In Android, Developer Options is a secret, hidden menu with a variety of advanced options. These features are mainly intended for developers, but many of them can be useful to average Android users and enthusiasts. We’ll share some of the best.
Before we start toggling things on, you’ll first need to perform a secret handshake to enable the Developer Options menu in Settings. Since these options aren’t intended for the average user, the menu is hidden by default. Follow our simple steps to quickly enable Developer Options.
Enable USB Debugging
“USB debugging” sounds like an option only an Android developer would need, but it’s probably the most widely used hidden option in Android. USB debugging allows applications on your computer to interface with your Android phone over the USB connection.
This is required for a variety of advanced tricks, including rooting an Android phone, unlocking it, installing a custom ROM, or controlling your phone screen from your PC. You can also use ADB commands to push and pull files between your device and your computer.
USB debugging can be a security concern, as it gives your computer access to your phone. You could plug your device into a malicious USB charging port, which would try to compromise you. That’s why Android forces you to agree to a prompt every time you plug your device into a new computer with USB debugging enabled.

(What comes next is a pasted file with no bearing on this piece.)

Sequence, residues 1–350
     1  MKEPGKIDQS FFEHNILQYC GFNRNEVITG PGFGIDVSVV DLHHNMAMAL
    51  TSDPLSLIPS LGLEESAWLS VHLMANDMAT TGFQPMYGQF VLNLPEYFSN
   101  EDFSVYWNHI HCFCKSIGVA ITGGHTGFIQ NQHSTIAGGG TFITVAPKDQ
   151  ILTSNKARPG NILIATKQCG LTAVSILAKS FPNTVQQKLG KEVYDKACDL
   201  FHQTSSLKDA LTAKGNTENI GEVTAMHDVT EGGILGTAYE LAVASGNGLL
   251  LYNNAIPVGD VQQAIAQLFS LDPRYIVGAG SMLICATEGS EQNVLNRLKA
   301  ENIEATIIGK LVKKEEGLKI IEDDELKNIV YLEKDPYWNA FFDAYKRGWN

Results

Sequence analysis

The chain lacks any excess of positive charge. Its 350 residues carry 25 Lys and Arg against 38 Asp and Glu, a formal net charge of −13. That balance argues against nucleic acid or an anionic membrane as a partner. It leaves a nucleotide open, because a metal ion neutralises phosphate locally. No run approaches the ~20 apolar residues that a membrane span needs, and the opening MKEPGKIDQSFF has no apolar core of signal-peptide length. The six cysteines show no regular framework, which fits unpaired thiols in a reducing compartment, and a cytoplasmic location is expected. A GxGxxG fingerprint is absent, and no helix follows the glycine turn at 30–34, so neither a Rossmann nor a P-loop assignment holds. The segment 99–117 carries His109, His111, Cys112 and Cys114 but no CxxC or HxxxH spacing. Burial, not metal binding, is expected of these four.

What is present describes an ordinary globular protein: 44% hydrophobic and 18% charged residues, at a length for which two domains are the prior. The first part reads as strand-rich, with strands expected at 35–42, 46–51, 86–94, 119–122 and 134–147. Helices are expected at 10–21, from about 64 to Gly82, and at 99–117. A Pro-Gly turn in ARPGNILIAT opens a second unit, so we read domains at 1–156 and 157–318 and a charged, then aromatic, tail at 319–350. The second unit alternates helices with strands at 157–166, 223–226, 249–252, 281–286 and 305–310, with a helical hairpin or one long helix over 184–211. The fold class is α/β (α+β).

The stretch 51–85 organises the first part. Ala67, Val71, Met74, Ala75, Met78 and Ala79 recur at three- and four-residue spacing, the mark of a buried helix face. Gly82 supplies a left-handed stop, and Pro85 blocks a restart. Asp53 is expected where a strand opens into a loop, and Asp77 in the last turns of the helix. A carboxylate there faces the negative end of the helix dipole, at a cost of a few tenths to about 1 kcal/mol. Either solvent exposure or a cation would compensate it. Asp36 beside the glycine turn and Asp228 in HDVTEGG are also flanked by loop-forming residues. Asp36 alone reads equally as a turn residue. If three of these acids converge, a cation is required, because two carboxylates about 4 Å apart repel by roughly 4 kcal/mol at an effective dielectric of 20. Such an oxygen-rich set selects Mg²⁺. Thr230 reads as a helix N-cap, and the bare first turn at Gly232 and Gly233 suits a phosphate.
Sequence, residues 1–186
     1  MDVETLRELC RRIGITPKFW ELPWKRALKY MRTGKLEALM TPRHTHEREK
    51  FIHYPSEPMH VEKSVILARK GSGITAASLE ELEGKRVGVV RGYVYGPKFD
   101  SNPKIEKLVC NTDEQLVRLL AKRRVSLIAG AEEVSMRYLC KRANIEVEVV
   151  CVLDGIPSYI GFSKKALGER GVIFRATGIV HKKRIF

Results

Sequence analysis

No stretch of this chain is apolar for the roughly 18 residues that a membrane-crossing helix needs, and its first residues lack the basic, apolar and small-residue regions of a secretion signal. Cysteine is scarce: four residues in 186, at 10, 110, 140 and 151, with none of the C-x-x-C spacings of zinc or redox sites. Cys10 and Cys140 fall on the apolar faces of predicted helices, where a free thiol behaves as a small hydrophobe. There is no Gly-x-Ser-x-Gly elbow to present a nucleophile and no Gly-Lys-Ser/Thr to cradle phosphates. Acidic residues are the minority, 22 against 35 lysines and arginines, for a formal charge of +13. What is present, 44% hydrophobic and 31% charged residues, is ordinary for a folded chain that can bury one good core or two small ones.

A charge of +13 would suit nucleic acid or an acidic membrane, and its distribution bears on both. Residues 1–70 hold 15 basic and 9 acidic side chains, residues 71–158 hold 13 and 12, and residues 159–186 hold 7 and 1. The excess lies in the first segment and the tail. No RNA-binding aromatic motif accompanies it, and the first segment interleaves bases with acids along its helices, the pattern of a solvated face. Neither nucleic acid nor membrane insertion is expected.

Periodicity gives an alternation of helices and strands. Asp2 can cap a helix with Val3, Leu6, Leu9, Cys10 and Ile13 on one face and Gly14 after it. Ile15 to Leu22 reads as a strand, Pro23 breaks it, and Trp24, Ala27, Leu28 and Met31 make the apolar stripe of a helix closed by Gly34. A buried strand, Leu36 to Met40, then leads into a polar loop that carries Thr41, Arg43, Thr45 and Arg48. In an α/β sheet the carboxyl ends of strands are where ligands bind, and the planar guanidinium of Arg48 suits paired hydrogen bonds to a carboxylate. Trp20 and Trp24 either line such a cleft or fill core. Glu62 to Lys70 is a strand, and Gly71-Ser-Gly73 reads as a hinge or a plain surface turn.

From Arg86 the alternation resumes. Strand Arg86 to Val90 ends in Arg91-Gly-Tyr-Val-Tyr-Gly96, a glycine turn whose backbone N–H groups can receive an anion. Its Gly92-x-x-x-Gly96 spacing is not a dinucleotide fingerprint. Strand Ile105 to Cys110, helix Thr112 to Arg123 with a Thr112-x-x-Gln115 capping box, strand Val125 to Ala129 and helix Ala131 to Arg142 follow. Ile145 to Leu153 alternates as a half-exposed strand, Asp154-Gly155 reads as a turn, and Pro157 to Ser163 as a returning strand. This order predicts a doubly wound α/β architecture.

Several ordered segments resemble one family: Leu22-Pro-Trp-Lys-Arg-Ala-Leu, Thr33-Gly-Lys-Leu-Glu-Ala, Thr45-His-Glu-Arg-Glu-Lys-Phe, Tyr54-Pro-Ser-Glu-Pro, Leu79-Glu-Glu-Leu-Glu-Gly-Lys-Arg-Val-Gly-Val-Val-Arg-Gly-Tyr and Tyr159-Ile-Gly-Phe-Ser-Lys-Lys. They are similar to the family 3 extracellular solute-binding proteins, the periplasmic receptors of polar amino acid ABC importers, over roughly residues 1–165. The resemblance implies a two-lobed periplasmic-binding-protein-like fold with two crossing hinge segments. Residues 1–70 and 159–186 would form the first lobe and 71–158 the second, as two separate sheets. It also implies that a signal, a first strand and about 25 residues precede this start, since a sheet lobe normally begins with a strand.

Access Android’s Built-In Task Manager
Did you know Android has a Task Manager like Windows does? It’s called “Running Services,” and it shows every single app that’s currently running on your device. You can also see each app’s corresponding processes and services, how much RAM it’s using, and how long it’s been running. This is also where you can stop those individual processes and services within apps, though you really shouldn’t need to do that.
Force All Apps to Use Dark Mode
Android 10 introduced a system-wide dark mode, and many apps now support it. However, there are a few holdouts that may be an unwelcome blast of bright light in your face. You can fix this with the “Override Force-Dark” toggle.
Keep in mind that this is forcing apps to be displayed in a mode that they don’t officially support. You may run into some issues with text being unreadable or other wonkiness. Still, it’s a pretty neat trick.
RELATED: How to Turn on Dark Mode on Android
Disable or Speed Up Animations
When you move between apps and screens in Android, you’re spending some of that time looking at animations and waiting for them to go away. You can disable these animations entirely by changing the Window animation scale, Transition animation scale, and Animator duration scale options here. If you like animations—but just wish they were faster—you can speed them up.
On a fast phone or tablet, this can make switching between apps nearly instant. If you thought your Android phone was speedy before, just try disabling animations and you’ll be surprised how much faster it can seem.
Force the Highest Refresh Rate
It’s pretty common for high-end Android phones to have high refresh rate displays nowadays. However, many of these devices will switch between refresh rates to improve battery life. That means you’re not always getting the highest possible refresh rate all the time.